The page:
Our story

WithYou is built on Mollie Craven's story. A powerful lived experience that forms the foundations of our work and our vision to this day.

An elderly woman with curly gray hair, wearing a blue patterned blouse, smiles as she writes on a whiteboard holding a red marker.

How it all began

Our founder Mollie Craven lost her son to heroin in 1967.

In an article in the Guardian that year, she stressed the need for parents and friends of those with issues with alcohol and drugs to come together, share research, and get the help they need.

We parents are a neglected and ignored group. I would like to appeal to everyone interested in this agonising problem to form an association. We can help each other, and, in many ways, we can help each other’s children where we cannot help our own. 

Mollie Craven, 1967

Helping one another

Mollie simply asked that we help one another - a single-minded mandate that formed the foundations of our work and sowed the seed for our vision: 

A future free from harm, suffering or deaths caused by poor mental health and drug and alcohol use, where anyone seeking help feels welcomed, not judged.

From a small local group to a national charity

We started out as the Association for Parents of Addicts (APA), a small charity in Southeast England delivering drop-in services. Funded by donations and grants, we offered a safe, non-judgemental place to go for compassion, counselling, and a cuppa.

In time, that small local group became Addaction, a national charity covering England and Scotland. 

Adapting to a changing world 

Over the years, we’ve grown steadily to meet the needs of a changing world.

  • In 1997, recognising the link between trauma and issues with alcohol and drugs, we broadened our scope beyond adult services to a pioneering young person’s service supporting those with mental health challenges.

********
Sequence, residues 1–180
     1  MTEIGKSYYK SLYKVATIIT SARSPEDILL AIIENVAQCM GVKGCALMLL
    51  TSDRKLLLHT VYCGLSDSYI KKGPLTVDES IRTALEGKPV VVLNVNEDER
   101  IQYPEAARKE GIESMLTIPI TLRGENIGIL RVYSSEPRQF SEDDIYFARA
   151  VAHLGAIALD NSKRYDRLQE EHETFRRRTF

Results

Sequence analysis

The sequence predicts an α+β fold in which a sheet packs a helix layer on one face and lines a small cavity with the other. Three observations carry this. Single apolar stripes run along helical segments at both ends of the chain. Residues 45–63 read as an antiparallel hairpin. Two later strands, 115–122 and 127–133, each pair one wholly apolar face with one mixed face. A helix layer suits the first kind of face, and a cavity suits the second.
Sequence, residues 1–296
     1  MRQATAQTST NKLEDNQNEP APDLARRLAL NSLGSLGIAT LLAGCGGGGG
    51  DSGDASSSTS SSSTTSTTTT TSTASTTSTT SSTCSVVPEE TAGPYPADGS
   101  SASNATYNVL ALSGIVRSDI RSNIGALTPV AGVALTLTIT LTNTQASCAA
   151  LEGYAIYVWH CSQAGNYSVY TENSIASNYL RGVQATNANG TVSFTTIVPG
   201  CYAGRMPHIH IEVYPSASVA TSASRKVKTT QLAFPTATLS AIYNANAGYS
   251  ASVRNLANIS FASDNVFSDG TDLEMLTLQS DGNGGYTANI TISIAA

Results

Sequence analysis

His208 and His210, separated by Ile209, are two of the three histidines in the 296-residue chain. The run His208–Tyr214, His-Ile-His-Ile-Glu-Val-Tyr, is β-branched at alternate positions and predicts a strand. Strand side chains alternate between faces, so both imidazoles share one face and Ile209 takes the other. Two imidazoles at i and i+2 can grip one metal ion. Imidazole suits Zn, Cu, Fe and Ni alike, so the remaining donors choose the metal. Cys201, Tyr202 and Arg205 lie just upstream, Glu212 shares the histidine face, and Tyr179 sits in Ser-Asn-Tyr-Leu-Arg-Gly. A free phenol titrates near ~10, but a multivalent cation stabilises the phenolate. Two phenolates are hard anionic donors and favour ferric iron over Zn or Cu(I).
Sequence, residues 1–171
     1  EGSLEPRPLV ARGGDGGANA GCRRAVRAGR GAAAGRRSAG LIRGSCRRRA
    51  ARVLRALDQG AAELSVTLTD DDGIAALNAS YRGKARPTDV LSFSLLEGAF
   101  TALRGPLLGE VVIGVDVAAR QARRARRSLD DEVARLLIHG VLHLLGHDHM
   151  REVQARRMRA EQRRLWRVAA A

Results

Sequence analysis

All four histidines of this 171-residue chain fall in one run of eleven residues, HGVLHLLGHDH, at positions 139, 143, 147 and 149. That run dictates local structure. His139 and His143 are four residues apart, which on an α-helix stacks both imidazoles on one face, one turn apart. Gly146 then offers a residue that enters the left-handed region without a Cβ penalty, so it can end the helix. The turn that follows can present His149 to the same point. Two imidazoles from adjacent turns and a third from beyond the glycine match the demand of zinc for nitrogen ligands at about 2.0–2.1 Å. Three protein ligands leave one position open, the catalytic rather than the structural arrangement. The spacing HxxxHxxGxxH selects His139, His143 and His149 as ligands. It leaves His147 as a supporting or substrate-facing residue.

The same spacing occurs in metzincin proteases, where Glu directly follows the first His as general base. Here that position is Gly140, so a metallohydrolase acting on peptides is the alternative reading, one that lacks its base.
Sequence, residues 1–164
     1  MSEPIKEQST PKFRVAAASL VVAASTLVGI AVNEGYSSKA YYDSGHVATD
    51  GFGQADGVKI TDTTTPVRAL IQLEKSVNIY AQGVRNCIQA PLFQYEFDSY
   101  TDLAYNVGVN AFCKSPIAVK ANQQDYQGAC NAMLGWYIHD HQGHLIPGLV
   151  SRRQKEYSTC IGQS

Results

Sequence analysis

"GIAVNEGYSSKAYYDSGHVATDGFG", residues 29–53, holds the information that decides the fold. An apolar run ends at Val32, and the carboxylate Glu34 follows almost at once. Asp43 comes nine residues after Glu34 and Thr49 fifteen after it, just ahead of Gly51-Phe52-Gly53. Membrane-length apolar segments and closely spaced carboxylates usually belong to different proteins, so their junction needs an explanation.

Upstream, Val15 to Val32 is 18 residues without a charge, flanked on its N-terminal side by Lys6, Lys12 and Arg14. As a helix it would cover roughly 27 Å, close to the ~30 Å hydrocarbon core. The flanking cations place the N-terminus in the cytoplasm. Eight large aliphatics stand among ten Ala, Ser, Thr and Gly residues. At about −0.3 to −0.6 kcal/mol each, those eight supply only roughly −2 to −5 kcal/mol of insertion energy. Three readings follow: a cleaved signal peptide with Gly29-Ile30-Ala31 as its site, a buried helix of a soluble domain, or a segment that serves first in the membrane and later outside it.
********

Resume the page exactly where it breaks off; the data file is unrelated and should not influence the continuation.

• In 2005, we launched our family intervention service, ‘Breaking the Cycle’.
  • A decade later, in 2015 we merged with Keep a Child Alive (KCA), adding vital trauma-informed support across our services.
  • In 2017 we celebrated our 50th year and launched our veteran service, ‘Turn Right’. 

2020: a pivotal year 

In 2020, Addaction officially became WithYou, a name which truly speaks to who we are. A positive place where people can connect with each other over shared lived experiences, feel a sense of belonging and get the support they need to create a different life.

Today, we have 80 local services in England and Scotland, providing free and confidential support to over 100,000 people leach year.

We work online and face-to-face in communities, schools, and prisons to support both adults and young people with alcohol, drugs, and mental health issues, as well as their friends and family. 

We are WithYou

A man in a blue jacket standing in front of a colorful, geometric mural.

What recovery means to us 

For us, recovery means finding a new path towards a healthier life – one that is not ruled by dependence or poor mental health, with hope for the future and the self-belief to thrive.

It’s a journey, and no two journeys are the same.

We’re here to help people define their version of a successful recovery, supporting them in setting their own milestones and measuring progress together.

Whether it’s recapturing something lost or discovering something that never seemed possible, like fulfilling relationships, meaningful work or being part of a community, we help build those connections. 

With you at every step 

We’re here for everyone.

For the people that need our support, commissioners working on the design and delivery of our services, our team day-to-day, and the local and national services delivering our mission.

Together, we’re working to create a world where anyone who has drug, alcohol, or mental health challenges can get the support they need.

This is our story. One rooted in real-life experiences, driven by compassion and solidarity, and testament to our belief that by supporting one another, we can change our lives for the better.

Honouring Mollie’s wish 

But it’s not just down to us, we need your help too.

We’ve always worked to tackle the stigma around drug, alcohol and mental health challenges that create feelings of shame and isolation and, ultimately, stop people from getting help.

Like Mollie in 1967, we ask that you support each other by showing empathy and understanding to those who are struggling. Remember that the numbers you read about in the papers are real people – sons, daughters, parents, siblings, partners, and friends who have suffered or tragically lost their lives and left heartbroken families behind.